Past vs. Passed
- Past has multiple functions: adjective (in past years), adverb (walked past me), noun (in the past), or preposition (past his prime). Passed, on the other hand, only functions as the past tense of the verb pass (he passed the salt).
Getting “Past” the Confusion
Imagine this: You get the results of your test. You’re excited to share the good news with your family. What do you tell them?
A) I past the test!
B) I passed the test!
If you chose “B,” congratulations, you passed this quiz. But if you answered incorrectly, don’t feel bad. These words are commonly mixed up because they’re spelled similarly and pronounced almost identically. Below, we’re going to elaborate on the difference between passed and past.
How To Use “Passed” Correctly
There’s no other way to say this, but passed is the past tense and past participle of the verb pass.
Passed can only ever function as a verb—nothing else. It has quite a few meanings under its belt. A few of them are:
1. To exceed or surpass
She passed all expectations.
2. To proceed or extend beyond
Harry passed the bakery on the way to school.
3. To go away
My fears passed once I reached the top of the mountain.
4. To reach the required standard in an exam, course, etc.
All the students passed their exams.
5. To accept a proposal, law, or rule
Thankfully, the law was passed.
6. To go unnoticed
He passed as a security guard and made his way into the player’s locker.
7. To be transferred or to give something to somebody
She passed the salt and pepper when I asked her to.
8. To decline
Lawrence passed on the opportunity to be a keynote speaker.
9. To give somebody a message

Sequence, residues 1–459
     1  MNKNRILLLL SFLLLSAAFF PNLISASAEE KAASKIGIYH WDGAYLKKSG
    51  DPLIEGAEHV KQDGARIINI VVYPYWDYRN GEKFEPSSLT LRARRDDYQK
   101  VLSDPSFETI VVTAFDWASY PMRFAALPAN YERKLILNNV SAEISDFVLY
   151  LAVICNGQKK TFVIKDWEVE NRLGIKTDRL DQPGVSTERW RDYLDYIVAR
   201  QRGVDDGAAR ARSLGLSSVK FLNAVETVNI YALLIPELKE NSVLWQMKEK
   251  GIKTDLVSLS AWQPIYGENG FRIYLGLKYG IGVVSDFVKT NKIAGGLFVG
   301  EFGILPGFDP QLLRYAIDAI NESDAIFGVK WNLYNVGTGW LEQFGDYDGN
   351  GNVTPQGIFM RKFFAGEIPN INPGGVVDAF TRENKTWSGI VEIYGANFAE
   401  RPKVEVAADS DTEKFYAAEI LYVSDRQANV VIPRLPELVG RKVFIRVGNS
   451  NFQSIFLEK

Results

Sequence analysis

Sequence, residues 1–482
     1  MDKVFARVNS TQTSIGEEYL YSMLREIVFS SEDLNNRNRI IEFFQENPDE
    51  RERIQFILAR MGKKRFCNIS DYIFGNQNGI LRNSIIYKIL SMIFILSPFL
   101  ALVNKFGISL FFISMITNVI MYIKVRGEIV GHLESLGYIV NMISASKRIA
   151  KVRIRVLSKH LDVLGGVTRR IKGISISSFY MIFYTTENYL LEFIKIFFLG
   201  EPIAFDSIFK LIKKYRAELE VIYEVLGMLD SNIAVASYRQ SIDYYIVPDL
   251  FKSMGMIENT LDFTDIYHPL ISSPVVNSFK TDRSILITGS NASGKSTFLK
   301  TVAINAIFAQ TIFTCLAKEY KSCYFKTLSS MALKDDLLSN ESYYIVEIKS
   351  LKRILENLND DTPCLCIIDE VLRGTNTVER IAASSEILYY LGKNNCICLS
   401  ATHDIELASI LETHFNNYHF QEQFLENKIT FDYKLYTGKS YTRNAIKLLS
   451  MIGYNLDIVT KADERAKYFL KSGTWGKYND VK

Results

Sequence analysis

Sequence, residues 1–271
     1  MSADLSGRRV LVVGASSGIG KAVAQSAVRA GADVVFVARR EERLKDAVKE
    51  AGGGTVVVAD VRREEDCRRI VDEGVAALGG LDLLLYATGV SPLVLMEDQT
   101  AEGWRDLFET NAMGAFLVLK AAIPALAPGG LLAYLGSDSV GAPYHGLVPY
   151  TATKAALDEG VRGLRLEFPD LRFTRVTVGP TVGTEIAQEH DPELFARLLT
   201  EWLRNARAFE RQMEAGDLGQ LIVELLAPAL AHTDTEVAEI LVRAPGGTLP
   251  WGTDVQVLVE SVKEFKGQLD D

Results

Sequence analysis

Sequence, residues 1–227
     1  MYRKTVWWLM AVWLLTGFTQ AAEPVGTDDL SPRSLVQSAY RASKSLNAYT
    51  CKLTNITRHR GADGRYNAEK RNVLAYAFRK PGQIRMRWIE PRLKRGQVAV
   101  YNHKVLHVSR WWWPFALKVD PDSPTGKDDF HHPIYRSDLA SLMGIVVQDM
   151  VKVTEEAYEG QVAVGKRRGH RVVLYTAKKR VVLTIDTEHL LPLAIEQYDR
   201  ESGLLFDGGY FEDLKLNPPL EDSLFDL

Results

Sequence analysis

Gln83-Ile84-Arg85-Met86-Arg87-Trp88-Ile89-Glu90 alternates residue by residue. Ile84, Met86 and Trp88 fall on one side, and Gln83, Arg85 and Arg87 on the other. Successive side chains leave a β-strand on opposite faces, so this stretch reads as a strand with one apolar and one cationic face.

Ever passed along a message.
10. To throw, hit, or kick a ball
Chanel passed the ball and Louise made the three-pointed to win the game.
Passed away is a phrasal verb that means “to die.” You wouldn’t say past away.
I was unbelievably sad when my uncle passed away last month.
I was unbelievably sad when my uncle
past away last month.
Passed is one of the many forms of pass. Its other forms are passes and passing. This is one major distinction from past, which has no conjugation.
How To Use “Past” Correctly
Past can function as an adjective, adverb, noun, and preposition.
As an adjective, past means “gone by in time,” or “belonging to an earlier time.”
The past five years have been difficult.
The past events prepared us for today’s outcome.
As an adverb, past means “go beyond a point; from one side of something to the other.” It can also be used “to indicate the passing of time.”
He waved as he drove past.
An hour went past and our request wasn’t fulfilled.
Past as a noun refers to “an earlier period of time.” It is the opposite of future.
In the past, we used to always get ice cream after the beach.
And finally, as a preposition, past is used to tell time or to mean “at the farther side of somebody or something.”
It’s half past twelve.
We scurried past the haunted house.
Don’t Pass Up on Flawless Writing
Past will always remain as past. For example:
I walk past the store.
I walked past the store.
I will walk past the store.
However, passed can be two of five forms of the verb (to) pass.
I pass the store on my walk.
I passed the store on my walk.
I will pass the store on my walk.
Another quick and easy way you can ensure that you’re using passed and past correctly is to use LanguageTool as your text editor. This advanced, multilingual text editor will detect incorrect use of passed and past because spelling and grammar mistakes are a thing of the past.